As Trawlerfest: Seattle wrapped up the Beneteau Swift Trawler 47 headed from Bell Harbor Marina back to the docks of Denison Yachting to prepare for her trip down the Pacific coast to southern California. The boat had arrived a few days before, via yacht transport, from the East Coast for her big adventure. After her showing at Trawlerfest the Denison crew was fast at work putting her back together, fixing a few small things, and doing some scheduled service before the boat departed on her journey. After a few days of preparation time the ST 47 departed Seattle for the Pacific Ocean under the command of Captain Jackson Willett and with several editors from our sister publication, Power and Motoryacht aboard. 

Looking back on Seattle after Trawlerfest.

Looking back on Seattle after Trawlerfest.

Departing Port Townsend

Departing Port Townsend

The first stop was Port Townsend before departing through the Straits of Juan de Fuca for the open waters of the Pacific. A few last minute supplies were loaded on board and the crew fueled up early the next day at the Blue Moon Cafe before setting out for the open water where meals would be simpler and less leisurely.

The sights as the ST 47 crew transited through the Straits of Juan de Fuca.

The sights as the ST 47 crew transited through the Straits of Juan de Fuca.

Headed South.

Headed South.

The ST 47 and her crew stopped one last time in Neah Bay to top off their fuel. They didn't rest long, heading right back out into the Straits before turning south at Cape Flattery, the Northwestern most part of Washington State. As they reached the expanses of the Pacific the ST 47 took on the 10-20 foot rollers without hesitation. 

As the sun set and the crew prepared their watch schedule they were treated to a visit from several gray whales who breached and spyhopped to get a good glimpse of the ST 47 as she pushed south.  

A reflection of the Pacific in the Beneteau logo.

A reflection of the Pacific in the Beneteau logo.

The night watches were spent quickly closing the miles between the ST 47 and the Oregon coast. A little after 0100 the crew crossed the Washington/Oregon border about 15 nautical miles from the Columbia River. As the wee hours of the morning edged on, commercial and fishing traffic increased which lead to a zig zagging course to stay out of the way of other traffic. The ST 47 rode the flood tide into Newport, Oregon where there was a crew change. Captain Willett stayed aboard but the Power and Motoryacht crew, Executive Editor Jeff Moser and Digital Editor John Turner departed to make their way back to the East Coast. 

Norris Come, Managing Editor for Northwest Yachting Magazine, joined as crew for the next leg of the trip and the ST 47 crew decided to depart right away for Coos Bay, Oregon to wait out a low pressure system. And, as Captain Willett said himself in his Captain's log, "the best laid plans are consistently subject to change." Because at 1424 the ST 47 had the sort of luck all Northwest boaters fear, she hit a deadhead.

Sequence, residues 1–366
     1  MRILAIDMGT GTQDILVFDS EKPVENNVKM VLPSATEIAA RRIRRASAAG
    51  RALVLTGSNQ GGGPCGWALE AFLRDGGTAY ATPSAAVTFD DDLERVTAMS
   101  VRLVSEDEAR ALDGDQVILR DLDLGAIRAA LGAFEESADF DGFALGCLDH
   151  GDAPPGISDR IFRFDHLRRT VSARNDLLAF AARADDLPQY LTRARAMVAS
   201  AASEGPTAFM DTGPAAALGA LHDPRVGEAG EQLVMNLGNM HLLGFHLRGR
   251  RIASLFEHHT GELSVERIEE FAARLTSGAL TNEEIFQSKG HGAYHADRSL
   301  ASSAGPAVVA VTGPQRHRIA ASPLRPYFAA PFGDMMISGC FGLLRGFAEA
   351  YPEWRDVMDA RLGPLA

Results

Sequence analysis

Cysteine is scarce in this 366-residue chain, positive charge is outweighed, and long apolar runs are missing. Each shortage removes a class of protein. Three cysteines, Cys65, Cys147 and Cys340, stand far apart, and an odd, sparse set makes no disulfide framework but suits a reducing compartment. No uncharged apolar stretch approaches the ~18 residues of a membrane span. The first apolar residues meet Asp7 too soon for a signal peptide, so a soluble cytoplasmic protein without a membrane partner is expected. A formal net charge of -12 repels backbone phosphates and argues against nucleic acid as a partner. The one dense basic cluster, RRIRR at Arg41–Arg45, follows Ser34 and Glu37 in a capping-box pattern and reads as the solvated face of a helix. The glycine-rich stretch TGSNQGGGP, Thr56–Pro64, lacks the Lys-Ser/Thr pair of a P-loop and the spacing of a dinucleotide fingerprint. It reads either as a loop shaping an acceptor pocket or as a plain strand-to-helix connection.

The view from the Flybridge

The view from the Flybridge

The story is best told from here by Captain Willett himself, what follows is his Captain's log from that day:

At approximately 1424 at 43 39’.0 N ; 124 19’.9 W, 5 miles SW of the mouth of the Umpqua River mouth ST47 was traveling at 18.9 knots when it struck a submerged log or in Pacific Northwest speak, a deadhead. After an initial damage assessment it was determined the integrity of the hull was uncompromised but significant vibration indicated the vessel has sustained damage to the port prop. ST47 would have to make the bar crossing at Coos Bay on one prop.

With 90 minutes until slack tide at Coos Bay the ST47 would have to average 11kts on a single prop to cross the bar before it was likely closed for transit.

I contacted the Coast Guard Station Coos Bay issued a Securite warning and made known our intent to cross the Coos Bay bar. The Swift Trawler 47 put her head down and powered towards the entrance.

Swift Trawler 47 crossed the bar into Coos Bay in the early stages of an ebb tide and with her bow steady on the range markers, despite a 6’ swell on the beam, eased into the channel and safe haven. After tying up dockside and signing off on the VHF, with thanks to the Coast Guard watch commander, captain and crew sent an enthusiastic thumbs-up text to Beneteau for building a boat that delivered the speed and handling required to bring all ashore safely and unaided.

When being offshore it is important to have the strength and reliance that a boat like the ST 47 provides. Luckily the crew was all safe and they made their way into Coos Bay with ease. They were down a prop and headed to the yard, but they were in good spirits and the trip would go on.

Tune in Thursday for the next leg of their journey down the Pacific coast.

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